Did women also develop the spoken language? From the earliest hunting-and-gathering times, we know that the men spent long, silent, and often solitary days away on the hunt. It takes silence to track animals. Meanwhile, the women worked collectively in or near the camp, surrounded by children, talking and singing. Language must have developed in the first intimate relations between mother and child, and between women working together for the kin-group’s daily sustenance…
….many mothers have the strong feeling that, following birth, it is speech that takes the place of the umbilical cord; it is speech that continues to bind us quite viscerally to the growing child, and through which passes the social food of instruction, warning, and communication with a growing consciousness….
The gathering of useful plants is an exercise in establishing a cultural taxonomy of nature, precisely that kind of activity likely to establish a list and a grammar of tailed tabulations of various plant and herbal properties – what is edible, what is poison, what is medicinal, what is hallucinogenic – and in transferring this information on to others; over generations an incredibly complex and replete botanic and pharmacopoeic catalog would be filed in each female mind….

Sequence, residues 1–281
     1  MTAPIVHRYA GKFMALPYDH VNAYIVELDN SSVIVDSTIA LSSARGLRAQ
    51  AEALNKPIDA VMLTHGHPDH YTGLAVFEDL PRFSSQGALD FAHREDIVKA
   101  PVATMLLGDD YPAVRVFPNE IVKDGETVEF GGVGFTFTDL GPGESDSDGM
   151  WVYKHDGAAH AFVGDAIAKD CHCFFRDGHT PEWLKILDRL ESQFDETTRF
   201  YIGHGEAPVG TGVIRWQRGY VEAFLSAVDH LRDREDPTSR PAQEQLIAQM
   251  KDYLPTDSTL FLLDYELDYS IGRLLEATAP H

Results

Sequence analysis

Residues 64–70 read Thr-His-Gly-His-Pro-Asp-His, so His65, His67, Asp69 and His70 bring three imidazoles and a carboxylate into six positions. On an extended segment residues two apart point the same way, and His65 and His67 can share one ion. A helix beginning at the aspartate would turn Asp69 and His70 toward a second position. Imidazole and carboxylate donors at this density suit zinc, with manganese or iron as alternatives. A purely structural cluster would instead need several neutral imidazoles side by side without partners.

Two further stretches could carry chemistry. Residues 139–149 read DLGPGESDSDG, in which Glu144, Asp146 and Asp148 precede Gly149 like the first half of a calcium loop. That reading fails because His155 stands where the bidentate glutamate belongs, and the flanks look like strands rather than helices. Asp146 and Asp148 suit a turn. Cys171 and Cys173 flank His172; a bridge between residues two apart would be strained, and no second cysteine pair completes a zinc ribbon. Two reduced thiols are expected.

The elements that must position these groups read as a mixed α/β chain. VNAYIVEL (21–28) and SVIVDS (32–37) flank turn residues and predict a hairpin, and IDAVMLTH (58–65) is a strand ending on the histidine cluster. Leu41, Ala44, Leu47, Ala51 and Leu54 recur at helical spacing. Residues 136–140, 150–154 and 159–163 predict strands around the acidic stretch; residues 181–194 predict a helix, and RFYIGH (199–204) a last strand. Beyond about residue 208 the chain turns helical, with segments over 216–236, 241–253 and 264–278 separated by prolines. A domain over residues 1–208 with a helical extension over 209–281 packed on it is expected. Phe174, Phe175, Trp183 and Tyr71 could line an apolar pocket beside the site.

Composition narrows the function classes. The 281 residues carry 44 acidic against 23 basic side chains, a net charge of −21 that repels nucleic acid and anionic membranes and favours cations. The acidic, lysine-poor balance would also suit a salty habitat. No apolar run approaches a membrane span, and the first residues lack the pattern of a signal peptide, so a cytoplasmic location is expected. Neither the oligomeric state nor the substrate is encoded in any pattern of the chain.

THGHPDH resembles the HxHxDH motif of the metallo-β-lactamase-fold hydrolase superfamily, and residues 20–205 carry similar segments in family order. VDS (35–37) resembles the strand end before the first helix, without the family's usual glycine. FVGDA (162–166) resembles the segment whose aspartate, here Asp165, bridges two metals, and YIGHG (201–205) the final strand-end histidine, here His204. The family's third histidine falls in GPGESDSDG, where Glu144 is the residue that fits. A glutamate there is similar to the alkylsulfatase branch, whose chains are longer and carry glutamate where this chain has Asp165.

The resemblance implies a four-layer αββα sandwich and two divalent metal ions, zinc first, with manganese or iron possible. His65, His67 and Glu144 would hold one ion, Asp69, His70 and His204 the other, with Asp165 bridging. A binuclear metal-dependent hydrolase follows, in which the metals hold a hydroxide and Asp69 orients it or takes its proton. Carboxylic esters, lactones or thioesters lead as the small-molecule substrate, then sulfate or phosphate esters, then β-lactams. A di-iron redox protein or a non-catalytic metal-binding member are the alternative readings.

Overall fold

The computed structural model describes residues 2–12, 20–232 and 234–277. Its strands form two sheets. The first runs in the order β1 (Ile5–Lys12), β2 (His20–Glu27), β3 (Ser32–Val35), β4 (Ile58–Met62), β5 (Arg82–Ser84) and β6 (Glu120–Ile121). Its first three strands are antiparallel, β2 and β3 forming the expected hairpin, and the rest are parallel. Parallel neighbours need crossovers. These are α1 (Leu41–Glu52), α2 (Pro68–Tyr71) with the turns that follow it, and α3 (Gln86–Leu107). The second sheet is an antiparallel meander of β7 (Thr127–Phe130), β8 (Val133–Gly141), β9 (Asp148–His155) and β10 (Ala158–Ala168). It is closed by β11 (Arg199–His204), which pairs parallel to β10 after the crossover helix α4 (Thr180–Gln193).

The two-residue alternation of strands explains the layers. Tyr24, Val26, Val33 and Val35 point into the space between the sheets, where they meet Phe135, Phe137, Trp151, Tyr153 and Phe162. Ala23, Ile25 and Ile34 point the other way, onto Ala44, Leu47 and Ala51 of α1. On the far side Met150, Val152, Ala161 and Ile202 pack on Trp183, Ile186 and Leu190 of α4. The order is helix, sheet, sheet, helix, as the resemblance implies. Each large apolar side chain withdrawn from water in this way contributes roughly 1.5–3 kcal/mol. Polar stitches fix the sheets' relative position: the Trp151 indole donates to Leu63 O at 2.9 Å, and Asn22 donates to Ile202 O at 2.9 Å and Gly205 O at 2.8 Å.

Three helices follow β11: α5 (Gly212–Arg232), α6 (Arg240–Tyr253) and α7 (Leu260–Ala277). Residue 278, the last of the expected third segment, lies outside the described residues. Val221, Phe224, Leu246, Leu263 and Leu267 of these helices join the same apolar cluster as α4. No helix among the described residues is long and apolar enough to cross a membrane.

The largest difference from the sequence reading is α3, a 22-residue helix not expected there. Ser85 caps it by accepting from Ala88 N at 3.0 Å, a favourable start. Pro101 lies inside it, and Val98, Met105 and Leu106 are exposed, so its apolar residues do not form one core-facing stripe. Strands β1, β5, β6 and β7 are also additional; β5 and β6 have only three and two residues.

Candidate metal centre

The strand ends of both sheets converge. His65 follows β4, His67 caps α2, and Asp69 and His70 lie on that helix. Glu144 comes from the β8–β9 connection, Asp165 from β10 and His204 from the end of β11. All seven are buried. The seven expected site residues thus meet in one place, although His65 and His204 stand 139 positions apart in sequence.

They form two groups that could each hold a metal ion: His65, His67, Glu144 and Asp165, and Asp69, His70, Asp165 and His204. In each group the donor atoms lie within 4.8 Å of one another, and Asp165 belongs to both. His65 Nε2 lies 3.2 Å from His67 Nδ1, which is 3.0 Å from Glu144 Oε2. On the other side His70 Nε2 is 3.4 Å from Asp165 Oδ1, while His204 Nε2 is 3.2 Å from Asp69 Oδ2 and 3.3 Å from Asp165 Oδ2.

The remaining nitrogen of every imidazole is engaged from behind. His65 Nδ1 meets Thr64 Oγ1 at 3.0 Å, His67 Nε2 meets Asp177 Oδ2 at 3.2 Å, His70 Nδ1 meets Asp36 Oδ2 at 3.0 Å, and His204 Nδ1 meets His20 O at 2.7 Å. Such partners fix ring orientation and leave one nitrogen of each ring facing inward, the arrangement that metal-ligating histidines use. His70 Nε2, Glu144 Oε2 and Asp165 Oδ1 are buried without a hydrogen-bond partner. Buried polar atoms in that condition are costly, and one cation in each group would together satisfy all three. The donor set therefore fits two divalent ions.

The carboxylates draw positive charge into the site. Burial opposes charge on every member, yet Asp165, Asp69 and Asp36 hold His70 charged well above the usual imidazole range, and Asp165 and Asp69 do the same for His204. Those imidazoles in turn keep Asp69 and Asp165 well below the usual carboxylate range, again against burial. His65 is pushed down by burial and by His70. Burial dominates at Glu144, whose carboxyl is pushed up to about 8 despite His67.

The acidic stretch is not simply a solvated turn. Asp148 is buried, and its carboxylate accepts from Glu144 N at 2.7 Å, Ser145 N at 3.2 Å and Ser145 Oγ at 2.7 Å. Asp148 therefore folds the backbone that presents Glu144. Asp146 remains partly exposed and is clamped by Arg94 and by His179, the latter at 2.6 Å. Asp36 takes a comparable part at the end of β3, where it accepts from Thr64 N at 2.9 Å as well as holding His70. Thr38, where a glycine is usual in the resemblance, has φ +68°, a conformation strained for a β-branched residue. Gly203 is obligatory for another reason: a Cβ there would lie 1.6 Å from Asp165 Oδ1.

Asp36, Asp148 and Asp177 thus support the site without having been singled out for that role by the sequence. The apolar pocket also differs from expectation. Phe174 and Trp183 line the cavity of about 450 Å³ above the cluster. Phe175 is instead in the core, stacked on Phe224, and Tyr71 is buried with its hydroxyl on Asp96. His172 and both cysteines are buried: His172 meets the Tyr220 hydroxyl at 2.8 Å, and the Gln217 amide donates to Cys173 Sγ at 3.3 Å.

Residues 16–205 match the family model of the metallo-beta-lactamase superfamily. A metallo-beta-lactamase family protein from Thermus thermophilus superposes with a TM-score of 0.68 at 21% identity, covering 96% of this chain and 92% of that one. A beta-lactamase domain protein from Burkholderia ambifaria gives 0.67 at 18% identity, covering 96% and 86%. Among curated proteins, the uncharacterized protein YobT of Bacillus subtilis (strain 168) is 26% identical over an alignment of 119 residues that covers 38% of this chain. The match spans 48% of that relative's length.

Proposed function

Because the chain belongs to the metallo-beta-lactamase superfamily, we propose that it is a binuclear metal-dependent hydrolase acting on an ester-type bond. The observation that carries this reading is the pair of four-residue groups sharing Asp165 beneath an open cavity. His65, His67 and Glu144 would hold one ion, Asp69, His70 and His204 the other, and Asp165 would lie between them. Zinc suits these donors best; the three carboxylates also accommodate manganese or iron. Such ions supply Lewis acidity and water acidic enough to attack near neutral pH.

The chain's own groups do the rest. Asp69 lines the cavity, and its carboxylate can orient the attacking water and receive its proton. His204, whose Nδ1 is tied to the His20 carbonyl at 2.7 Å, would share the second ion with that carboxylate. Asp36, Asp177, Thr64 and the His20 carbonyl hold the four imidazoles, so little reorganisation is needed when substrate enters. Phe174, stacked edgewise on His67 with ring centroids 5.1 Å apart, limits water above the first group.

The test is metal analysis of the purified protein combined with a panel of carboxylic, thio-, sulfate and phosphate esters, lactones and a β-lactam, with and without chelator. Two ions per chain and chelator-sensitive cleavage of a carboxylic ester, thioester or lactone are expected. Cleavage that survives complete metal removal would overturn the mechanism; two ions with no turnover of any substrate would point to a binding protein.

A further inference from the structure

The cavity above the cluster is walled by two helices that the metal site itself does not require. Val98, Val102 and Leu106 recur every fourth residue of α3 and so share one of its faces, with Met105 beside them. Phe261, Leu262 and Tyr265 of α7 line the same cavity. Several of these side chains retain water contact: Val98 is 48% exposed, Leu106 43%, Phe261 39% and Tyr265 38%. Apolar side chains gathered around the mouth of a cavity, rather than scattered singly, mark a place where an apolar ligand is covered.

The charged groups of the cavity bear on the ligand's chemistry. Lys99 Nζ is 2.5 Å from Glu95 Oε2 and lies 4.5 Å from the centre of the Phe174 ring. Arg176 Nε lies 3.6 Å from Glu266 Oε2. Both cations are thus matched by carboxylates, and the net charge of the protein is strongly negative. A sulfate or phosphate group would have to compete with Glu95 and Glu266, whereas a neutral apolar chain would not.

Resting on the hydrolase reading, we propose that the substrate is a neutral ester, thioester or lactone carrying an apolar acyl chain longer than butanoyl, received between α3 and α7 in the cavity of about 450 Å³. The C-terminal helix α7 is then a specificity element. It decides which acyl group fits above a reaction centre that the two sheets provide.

𝐵𝑢𝑡 𝑛𝑜 𝑤𝑜𝑚𝑒𝑛, 𝑆𝑡𝑜𝑛𝑒 𝐴𝑔𝑒 𝑡𝑜 𝑅𝑜𝑐𝑘 𝐴𝑔𝑒, 𝑒𝑣𝑒𝑟 𝑙𝑖𝑣𝑒𝑑 𝑓𝑟𝑜𝑚 ℎ𝑒𝑎𝑑 𝑎𝑙𝑜𝑛𝑒.
….So, early women’s scientific language (because that’s what plant gathering is, a science) would be uttered side-by-side with the emotional language of social relations, and the physical language of the body moving through daily tasks.
Excerpt from “The Great Cosmic Mother” by Monica Sjoo & Barbara Mor
Photo by @elliana_allon remixed by me!